However, if you want the best experience try to visit London when one of the big record fairs is on; all the online dealers will have stalls and often sellers from Europe travel across – the fairs are the place to see and possibly buy super-rarities, and there are also a lot of £5 or even £1 crates to dig through.

Paul Rymer

Oh I forgot to say, go to Shoreditch for Rough Trade East and there are also markets at the weekend with a few record stalls to be found. Rough Trade East is a proper music store, with a cafe, love the place.


I’m not sure what anyone really expects from a “new” record shop these days. From the description, it sounds like every mall-based record shop in the US, but a dozen years ago. They sell t-shirts because you can’t pirate t-shirts, and because they’re profitable. Ooh, look! A Kate Bush CD from the 80s! Who in the world will buy *that?* The amazing (puzzling?) thing to me is that anyone would try this business model in 2013.

Where I live, vinyl shops are doing OK, but many of them also sell CDs, and I don’t know who buys them. I certainly don’t want them. Vinyl is easier to store (takes up less room). I haven’t bought a CD in many years and don’t want to. Don’t need the clutter. I get the part about “holding it in your hands,” but how often do you do that, realistically? Twice?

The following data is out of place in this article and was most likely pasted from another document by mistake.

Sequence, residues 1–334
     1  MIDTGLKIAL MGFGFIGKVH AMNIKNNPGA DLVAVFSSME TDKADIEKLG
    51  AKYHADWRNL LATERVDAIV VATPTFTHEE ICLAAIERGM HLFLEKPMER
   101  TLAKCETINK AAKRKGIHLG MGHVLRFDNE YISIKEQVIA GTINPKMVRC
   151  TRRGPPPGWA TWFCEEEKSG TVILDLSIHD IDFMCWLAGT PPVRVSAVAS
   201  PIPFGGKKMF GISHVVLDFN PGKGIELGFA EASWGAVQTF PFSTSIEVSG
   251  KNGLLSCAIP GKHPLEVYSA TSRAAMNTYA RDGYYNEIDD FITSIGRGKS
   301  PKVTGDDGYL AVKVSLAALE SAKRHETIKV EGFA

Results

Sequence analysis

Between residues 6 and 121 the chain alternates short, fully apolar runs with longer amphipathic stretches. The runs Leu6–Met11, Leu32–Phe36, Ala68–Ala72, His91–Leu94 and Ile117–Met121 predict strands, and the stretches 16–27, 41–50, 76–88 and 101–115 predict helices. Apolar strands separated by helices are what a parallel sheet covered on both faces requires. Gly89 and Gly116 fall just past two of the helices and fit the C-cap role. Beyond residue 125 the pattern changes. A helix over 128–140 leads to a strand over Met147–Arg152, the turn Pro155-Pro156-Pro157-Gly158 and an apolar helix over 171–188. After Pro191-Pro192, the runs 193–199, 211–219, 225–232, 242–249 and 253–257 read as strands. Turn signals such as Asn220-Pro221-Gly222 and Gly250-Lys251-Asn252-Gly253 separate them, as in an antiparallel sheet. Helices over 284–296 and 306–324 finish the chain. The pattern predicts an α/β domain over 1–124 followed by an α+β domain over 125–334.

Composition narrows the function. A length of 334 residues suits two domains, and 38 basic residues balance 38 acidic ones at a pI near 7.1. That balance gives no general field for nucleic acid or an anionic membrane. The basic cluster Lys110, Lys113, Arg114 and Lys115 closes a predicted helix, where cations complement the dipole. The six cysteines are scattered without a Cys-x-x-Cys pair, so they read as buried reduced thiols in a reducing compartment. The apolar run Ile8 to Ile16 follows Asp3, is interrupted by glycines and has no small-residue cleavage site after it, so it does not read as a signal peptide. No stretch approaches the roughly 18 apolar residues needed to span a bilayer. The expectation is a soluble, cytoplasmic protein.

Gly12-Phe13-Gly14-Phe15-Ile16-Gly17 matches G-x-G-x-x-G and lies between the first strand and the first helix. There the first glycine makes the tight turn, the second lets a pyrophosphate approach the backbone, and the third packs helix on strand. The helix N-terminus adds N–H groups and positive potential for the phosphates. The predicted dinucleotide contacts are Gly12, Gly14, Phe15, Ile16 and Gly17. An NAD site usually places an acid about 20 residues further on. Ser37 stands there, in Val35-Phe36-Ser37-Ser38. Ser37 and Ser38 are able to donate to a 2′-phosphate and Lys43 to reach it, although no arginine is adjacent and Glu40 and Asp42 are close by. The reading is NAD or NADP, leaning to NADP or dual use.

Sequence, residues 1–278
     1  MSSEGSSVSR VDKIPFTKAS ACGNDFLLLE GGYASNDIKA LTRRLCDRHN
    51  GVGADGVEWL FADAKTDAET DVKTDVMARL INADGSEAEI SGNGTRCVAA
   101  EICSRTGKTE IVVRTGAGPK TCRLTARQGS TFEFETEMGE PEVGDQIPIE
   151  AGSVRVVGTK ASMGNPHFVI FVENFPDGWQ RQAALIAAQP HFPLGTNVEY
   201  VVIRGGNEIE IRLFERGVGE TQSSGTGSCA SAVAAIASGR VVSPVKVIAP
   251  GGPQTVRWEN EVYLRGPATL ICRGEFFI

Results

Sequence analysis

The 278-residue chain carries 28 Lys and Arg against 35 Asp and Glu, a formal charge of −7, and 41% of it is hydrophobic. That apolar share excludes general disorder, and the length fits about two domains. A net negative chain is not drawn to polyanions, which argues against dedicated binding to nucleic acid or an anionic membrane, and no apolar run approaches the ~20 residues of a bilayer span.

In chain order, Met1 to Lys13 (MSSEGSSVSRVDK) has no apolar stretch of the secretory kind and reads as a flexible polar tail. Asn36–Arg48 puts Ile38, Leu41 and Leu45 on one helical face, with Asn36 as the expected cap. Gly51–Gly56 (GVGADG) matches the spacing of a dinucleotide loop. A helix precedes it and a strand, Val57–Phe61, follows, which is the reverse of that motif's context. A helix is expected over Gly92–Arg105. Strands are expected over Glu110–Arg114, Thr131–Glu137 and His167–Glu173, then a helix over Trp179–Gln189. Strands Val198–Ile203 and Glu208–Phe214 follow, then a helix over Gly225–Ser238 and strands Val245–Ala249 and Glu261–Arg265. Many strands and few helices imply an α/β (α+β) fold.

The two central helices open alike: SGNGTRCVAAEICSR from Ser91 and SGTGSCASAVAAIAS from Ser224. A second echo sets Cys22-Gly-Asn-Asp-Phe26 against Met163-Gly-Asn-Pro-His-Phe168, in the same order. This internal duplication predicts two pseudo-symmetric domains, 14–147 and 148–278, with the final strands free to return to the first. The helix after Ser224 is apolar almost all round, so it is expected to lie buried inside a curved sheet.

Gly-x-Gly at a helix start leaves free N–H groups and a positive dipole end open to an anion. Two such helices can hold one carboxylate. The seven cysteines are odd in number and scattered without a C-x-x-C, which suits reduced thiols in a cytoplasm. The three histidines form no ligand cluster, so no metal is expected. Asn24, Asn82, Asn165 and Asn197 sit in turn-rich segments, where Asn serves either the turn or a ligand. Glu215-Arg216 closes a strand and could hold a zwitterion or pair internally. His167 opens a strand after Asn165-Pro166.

Jon C

Having worked at one of the few American HMVs back in the 90s (at the Solomon Pond Mall in Marlborough MA, 1996-2000) (still one of my all-time favorite jobs, btw), I’m rooting for this new store. Granted, I’m sure it’ll have a few bumps in the road, including having all the expensive stuff behind the register, weird layouts, etc. Typical growing pains for any new store. I’m assuming (and hoping) that they’ll adjust that over the course of the next year or so.

In a weird way I’m kind of hoping that they’ve learned their lesson here stateside (read: opening stores in weird out of the way places) and open up the chain again. I really loved that store, especially with its collector-friendly “we carry pretty much everything and can order it for you if we don’t” attitude.

Brian Campbell